UART receiver program only works when I retransmit received data!

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Hey there nice people..

I'm new here and happy to ask my first question :)

My project consists of a transmitter and a receiver, the transmitter is an ATmega16a, it reads the position of a joy stick and sends it using UART over radio signals

the radio module used is a 433 MHz module (FS1000A)

The receiver (which is also an ATmega16A) lights an LED  based on the position of the joystick

My code is written in Assembly, no libraries were used

Here's the strange thing, when my code didn't work I added some code to re transmit every received byte of data so I can view it on my PC and make sure the uC received the data properly

And because of that bit of code the program works! when I comment out that part it doesn't work

Can anyone explain why?

Both receiver and transmitter programs are attached

 

 

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Last Edited: Mon. Jul 6, 2020 - 11:44 PM
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Welcome to AVRFreaks!

 

You can find lots of useful info in the tutorial forum here, start with this first post and see if it helps you.

https://www.avrfreaks.net/forum/...

 

Jim

 

 

(Possum Lodge oath) Quando omni flunkus, moritati.

"I thought growing old would take longer"

 

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owam96 wrote:
sends it using UART over radio signals

does it work without the radios, ie. hardwired serial connections?

 

Jim

 

 

(Possum Lodge oath) Quando omni flunkus, moritati.

"I thought growing old would take longer"

 

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No, just tried the hardwired method, it doesn't work.

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Ok, read the reference above about how to solve one problem at a time, at this point, you need to trouble shoot one end (TX or RX) first, get it working 100%, then work on the other end.

Once you have both ends working correctly, then get them to talk to each other over the hardwire link.   Then try the radio's, which depending on the radio used, adds a whole new level of problems.

 

Jim

 

 

(Possum Lodge oath) Quando omni flunkus, moritati.

"I thought growing old would take longer"

 

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The problem turned out to be very simple, part of the code is a block that I copy and paste and then change some lines in it.

In some blocks that I copied and pasted I forgot to change some lines.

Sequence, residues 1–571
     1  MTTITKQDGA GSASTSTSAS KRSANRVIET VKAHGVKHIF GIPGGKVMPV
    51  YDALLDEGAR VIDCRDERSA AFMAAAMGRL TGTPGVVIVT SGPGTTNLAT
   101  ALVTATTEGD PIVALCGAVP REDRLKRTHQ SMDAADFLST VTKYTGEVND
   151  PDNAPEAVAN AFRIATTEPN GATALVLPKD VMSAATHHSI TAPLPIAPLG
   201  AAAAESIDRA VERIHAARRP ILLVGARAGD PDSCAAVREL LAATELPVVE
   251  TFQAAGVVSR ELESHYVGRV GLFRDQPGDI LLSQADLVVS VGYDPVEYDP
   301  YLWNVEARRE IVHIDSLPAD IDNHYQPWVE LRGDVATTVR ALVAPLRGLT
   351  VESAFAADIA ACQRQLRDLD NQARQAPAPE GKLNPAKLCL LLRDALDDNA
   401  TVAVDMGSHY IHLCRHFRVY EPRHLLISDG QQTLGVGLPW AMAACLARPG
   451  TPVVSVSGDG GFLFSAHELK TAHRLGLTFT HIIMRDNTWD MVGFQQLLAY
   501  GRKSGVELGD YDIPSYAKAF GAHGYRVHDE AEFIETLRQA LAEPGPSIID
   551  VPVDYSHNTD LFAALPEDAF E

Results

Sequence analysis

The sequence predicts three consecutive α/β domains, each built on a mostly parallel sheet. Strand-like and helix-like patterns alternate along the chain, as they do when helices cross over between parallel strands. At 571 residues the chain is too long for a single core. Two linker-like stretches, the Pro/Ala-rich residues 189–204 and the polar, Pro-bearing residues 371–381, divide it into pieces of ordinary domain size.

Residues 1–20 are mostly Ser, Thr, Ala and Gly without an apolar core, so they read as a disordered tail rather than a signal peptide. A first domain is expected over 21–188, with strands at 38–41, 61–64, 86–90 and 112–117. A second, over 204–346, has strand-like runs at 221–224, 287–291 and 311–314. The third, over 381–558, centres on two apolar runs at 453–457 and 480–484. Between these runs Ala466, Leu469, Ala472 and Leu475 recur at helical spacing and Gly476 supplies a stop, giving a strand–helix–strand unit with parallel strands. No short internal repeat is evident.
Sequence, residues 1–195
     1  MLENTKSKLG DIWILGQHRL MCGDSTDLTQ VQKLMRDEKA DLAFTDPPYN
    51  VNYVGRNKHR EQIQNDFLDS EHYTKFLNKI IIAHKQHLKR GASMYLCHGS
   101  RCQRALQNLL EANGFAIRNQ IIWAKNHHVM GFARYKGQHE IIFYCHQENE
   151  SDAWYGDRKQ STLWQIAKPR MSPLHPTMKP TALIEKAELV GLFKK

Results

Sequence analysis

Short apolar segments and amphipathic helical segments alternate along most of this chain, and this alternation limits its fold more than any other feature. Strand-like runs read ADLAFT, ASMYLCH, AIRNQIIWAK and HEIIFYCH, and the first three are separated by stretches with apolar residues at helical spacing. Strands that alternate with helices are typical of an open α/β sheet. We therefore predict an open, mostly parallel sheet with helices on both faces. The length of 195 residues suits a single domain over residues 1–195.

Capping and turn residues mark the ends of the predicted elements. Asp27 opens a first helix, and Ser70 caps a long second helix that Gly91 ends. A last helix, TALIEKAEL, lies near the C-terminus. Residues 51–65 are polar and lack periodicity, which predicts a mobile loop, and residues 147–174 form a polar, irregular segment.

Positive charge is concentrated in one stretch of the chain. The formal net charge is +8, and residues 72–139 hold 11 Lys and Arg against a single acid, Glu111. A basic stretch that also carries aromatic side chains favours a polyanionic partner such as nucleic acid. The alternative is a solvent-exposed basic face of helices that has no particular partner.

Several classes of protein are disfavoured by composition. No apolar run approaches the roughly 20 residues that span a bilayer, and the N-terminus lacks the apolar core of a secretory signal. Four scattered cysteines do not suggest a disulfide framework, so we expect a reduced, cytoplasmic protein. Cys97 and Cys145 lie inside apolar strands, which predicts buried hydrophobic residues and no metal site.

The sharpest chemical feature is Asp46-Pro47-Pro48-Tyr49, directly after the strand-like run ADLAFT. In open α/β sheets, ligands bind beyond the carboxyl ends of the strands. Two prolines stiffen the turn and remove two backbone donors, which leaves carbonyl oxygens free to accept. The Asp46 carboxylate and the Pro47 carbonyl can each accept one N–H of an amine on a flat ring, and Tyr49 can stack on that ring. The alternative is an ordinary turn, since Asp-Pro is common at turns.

On why it worked when I put that transmitting code, I have some vague idea, it's something that has to do with timing.

Anyways, thanks for the advice, good trouble-shooting habits always work.

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Firstly, the code you posted is near unreadable. My first suggestion is to format it so the reader gets an idea of the the flow and structure. I'm used to reverse engineering code and this is one of the first things I do. 

 

You've determined that adding the extra code makes it work. Obviously it changes something. There's the assumption that the problem is in the code - how do you know this? Maybe the effect of hooking it up to the PC changes something in the hardware? Maybe the voltage to the micro changes and alters the internal oscillator frequency? Without any further evidence you might just stare at the code all day and not solve anything. Or you could be lucky and there's a simple code error. For this situation an oscilloscope of logic analyser is invaluable. Get yourself a Salaea Logic or clone. The clones are around $8usd out of China. With one of these you can make measurements and narrow down the problem quick smart. Other options are the sound card in your PC. That makes for a simple low frequency oscilloscope. 

 

Some comments about your implementation - why use the usart? You would be better off just bit-banging the data bits. Using the usart means you have less frequency tolerance - if you are using the internal oscillator of the mega16  then expect difference between your tx and rx sides. Manchester encoding is ideal for this as it can tolerate significant frequency change. Radiohead uses a more efficient run length encoding method.

 

With the ADC - why do you use the ADIF bit? Surely the ADSC bit is the intended bit?